United States v. Chychula: Grand Jury Investigations and the Obstruction of Justice

Posted by Steve Eversole | Jul 13, 2014 | 0 Comments

Our Birmingham criminal defense attorneys understand that being summonsed to testify at a grand jury hearing can have serious implications on both your liberty and your safety.


In United States v. Chychula, the defendant was charged with nine counts of interstate wire fraud.  According to court records, more than 60 people were victims of the fraud, totaling over four and a half million dollars.

The fraudulent scheme involved sending emails containing false investment information and soliciting wire transfers of millions of dollars from the many victims.  Prior to trial, the defendant was ordered to undergo a forensic competency evaluation where it was determined that she was mentally fit to stand trial.  She ultimately was convicted at a bench trial.

In any federal case, after trial and before sentencing, the judge will likely order a presentence investigation (PSI) and the generation of a presentence report (PSR). In this case, the PSR recommending an enhanced sentence under the federal guidelines based upon obstruction of justice allegations derived from the defendant's own testimony during a grand jury investigation of her co-defendants.

The interesting question is why a suspect would testify at a grand jury investigation to matters that could lead to charges being filed against that person based upon that person's own testimony.

While defendants are not allowed to have an attorney present at the grand jury hearing, a witness who is called to testify is entitled to have an attorney represent them during the hearing process. The reason for this is that a witness has a Fifth Amendment privilege against self-incrimination (PASI).

The fact that the government can compel anyone to testify at a grand jury hearing does not mean they can force you to testify against yourself and give information that could be used against you in a criminal prosecution.  It is for this reason that if you are ever called by a prosecutor, or even rounded up by the police with a criminal grand jury summons, you should ask to speak with a criminal defense attorney before you speak with the prosecutor or testify.  If you cannot afford an attorney, the court can appoint you an attorney, but you always have the right to hire your own attorney.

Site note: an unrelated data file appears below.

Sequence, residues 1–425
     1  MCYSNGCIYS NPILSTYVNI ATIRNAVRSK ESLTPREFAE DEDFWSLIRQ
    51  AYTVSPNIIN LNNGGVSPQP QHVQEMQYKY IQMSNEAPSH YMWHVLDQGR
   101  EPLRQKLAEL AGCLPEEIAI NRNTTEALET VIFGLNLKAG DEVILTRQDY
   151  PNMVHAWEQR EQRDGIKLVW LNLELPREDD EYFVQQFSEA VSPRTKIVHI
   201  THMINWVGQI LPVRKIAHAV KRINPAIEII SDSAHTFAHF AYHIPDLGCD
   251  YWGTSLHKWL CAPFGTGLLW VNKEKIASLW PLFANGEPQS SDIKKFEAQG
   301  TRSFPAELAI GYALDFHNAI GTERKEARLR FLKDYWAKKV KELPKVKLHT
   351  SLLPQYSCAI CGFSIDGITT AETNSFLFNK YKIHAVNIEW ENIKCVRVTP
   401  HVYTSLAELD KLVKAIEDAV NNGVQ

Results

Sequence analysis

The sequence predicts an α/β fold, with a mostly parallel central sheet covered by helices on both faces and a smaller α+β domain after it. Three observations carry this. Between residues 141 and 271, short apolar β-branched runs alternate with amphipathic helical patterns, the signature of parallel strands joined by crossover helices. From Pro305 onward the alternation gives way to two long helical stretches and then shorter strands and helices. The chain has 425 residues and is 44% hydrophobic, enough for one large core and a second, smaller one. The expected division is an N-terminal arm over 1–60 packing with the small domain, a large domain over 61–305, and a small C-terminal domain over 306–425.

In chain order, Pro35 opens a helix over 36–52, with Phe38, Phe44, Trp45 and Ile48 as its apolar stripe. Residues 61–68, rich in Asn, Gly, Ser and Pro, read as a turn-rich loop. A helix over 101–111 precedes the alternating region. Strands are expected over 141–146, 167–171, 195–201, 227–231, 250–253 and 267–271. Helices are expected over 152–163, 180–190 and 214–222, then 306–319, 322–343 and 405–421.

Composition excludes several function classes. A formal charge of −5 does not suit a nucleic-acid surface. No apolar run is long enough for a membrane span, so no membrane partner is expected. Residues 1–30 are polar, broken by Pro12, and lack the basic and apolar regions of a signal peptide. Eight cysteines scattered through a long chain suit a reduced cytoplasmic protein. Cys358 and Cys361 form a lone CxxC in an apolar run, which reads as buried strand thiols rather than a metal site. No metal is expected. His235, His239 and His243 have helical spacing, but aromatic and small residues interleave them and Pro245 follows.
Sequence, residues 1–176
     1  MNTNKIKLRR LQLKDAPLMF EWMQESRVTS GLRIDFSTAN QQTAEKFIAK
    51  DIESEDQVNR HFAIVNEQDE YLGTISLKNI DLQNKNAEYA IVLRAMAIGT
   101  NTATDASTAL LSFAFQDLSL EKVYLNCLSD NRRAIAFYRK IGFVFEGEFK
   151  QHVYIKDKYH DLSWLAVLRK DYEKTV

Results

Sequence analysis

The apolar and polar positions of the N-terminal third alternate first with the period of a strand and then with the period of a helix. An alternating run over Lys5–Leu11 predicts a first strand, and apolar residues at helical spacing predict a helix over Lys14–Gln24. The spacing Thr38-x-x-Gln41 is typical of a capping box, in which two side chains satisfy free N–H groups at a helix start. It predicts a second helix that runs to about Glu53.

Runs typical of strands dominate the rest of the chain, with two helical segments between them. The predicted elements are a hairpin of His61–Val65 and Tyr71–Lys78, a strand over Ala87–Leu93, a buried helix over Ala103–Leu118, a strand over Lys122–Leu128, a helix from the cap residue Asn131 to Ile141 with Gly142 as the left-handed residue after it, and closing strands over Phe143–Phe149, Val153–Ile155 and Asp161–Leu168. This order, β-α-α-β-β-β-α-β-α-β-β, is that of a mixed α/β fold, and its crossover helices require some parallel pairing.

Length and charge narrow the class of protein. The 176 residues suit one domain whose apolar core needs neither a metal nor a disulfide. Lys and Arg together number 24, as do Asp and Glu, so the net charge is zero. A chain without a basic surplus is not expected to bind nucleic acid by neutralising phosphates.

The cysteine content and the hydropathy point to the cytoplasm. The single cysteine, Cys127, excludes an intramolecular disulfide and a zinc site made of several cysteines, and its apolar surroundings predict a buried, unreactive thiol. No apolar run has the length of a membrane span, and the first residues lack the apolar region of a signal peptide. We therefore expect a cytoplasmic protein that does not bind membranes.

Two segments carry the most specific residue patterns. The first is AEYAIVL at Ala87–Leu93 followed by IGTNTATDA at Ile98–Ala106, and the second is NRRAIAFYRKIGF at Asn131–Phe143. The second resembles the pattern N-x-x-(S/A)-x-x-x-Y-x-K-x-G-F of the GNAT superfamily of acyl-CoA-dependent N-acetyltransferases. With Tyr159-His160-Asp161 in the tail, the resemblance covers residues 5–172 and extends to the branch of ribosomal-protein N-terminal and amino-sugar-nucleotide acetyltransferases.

Every situation is different but as a general rule, having an attorney represent you during the grand jury process can help keep you out of jail. If you are required to testify, your attorney can speak with the government about granting you immunity in exchange for you testimony.  In other circumstances, your federal criminal defense attorney may be able to prevent you from having to testify before the grand jury at all.
Being subpoenaed as a witness at a grand jury is a very serious matter, and the prosecutor is probably not looking out for your best interests, even though they are supposed to advise you of your rights.  The prosecutor may also try to get you to waive your constitutional rights without properly advising you of the consequences of entering into such a waiver.

Contact Birmingham Criminal Defense Attorney Steven Eversole at (866) 831-5292.

Additional Resources:

United States v. Chychula, July 2, 2014, United States Court of Appeals for the Seventh Circuit

About the Author

Steve Eversole

Admitted to practice in All State and Federal Courts in Alabama: AllAlabama State Courts, Alabama Supreme Court, Alabama Court of Appeals,Northern...


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